In close partnership with the Office of the Deputy Prime Minister, there were extensive consultations with government agencies, donors, nongovernmental organizations (NGOs), academics, and local businesses. The Technical Assistance (TA) and part of the ESW component were supported by a Trust Fund from the Government of Sweden and a financial contribution from the Government of Norway.

Moving Forward

The report provided an analytic foundation for government policy decisions on the EU’s climate regulations and on action to counter local climate damage, as well as new analytic tools and enhanced local expertise for future use. The World Bank is also planning a peer-assisted learning network for senior technical specialists in governments across the Europe and Central Asia (ECA) region on the economics of climate change and green growth, as requests have been received from neighboring countries for similar analytic work on emissions reduction and adaptation. The tools are also being applied to a World Bank analytics and advisory (AAA) program on green growth in Romania.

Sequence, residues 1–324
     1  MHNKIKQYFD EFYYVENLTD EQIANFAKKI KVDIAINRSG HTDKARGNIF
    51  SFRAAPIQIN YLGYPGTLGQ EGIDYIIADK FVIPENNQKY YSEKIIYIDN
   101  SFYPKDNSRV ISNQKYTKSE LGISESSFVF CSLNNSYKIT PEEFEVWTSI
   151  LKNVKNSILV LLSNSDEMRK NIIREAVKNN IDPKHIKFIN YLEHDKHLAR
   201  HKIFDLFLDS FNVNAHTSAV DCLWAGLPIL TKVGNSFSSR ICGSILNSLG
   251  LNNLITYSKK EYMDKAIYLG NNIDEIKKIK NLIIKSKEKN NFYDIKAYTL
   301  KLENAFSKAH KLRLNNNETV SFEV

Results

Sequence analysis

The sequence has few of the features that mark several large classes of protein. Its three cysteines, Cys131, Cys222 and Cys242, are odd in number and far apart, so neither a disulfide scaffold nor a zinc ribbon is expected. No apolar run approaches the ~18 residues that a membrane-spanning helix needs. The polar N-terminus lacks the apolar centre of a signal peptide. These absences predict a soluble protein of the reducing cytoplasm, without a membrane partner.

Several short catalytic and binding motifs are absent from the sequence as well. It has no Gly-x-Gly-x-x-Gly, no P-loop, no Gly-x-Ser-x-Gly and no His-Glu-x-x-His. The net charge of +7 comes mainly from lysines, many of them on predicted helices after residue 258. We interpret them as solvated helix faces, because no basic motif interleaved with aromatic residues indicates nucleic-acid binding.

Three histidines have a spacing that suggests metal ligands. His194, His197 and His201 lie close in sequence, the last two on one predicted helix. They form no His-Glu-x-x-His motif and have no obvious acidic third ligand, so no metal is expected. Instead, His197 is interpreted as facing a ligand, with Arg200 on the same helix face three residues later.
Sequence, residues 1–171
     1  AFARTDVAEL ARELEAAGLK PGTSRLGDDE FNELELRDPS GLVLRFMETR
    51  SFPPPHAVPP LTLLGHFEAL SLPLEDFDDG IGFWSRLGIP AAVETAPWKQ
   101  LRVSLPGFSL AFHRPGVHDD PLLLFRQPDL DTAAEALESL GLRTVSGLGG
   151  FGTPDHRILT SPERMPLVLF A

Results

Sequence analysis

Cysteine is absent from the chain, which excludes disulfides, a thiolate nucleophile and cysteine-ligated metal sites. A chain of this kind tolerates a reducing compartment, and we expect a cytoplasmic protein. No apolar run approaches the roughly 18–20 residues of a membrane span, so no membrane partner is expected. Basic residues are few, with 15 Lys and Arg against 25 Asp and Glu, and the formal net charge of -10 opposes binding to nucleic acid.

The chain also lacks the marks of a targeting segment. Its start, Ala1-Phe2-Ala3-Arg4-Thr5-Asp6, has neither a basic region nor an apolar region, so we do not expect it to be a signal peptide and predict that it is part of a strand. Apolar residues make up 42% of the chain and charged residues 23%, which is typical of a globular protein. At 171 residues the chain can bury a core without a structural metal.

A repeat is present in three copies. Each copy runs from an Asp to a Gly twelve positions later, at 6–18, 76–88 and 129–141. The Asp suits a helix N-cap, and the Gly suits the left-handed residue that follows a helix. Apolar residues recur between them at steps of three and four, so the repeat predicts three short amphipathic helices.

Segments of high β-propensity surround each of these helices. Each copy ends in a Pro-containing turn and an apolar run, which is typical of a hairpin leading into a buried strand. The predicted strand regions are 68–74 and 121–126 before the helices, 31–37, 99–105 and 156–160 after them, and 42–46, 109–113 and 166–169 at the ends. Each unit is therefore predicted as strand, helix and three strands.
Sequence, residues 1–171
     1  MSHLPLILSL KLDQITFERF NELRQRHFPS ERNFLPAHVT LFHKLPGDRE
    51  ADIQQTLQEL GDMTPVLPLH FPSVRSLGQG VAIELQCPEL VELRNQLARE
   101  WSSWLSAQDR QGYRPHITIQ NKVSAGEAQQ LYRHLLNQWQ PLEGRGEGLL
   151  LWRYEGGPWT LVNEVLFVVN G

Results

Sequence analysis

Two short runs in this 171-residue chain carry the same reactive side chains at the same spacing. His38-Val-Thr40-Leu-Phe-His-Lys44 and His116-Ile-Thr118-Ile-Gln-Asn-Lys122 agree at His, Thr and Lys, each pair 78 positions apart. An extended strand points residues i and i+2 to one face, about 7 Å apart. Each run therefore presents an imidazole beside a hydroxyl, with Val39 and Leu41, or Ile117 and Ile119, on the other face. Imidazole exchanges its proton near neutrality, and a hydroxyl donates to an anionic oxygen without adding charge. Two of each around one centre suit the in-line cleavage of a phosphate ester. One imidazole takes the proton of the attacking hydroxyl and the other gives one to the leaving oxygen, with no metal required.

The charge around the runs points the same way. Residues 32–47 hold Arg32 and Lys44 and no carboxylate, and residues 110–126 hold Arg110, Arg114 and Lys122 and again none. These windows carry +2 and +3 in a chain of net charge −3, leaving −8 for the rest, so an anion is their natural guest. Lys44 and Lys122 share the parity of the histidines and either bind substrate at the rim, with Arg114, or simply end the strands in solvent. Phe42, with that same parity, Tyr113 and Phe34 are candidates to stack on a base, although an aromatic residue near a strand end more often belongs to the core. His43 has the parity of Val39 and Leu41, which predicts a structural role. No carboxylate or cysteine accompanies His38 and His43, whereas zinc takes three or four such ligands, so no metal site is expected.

Beneficiaries

The immediate beneficiary of this work is the client: the Office of the Deputy Prime Minister for Economic Affairs of FYR Macedonia and other parts of the government, which will make use of the report’s findings and key tools to improve their decision making on policy areas related to climate change (such as their NSSD). Moreover, since lowering greenhouse gas emissions is a global public good, the ultimate beneficiaries are the world’s population and in particular, future generations.


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Percentage of Greenhouse Gas emissions produced by the energy sector in FYR Macedonia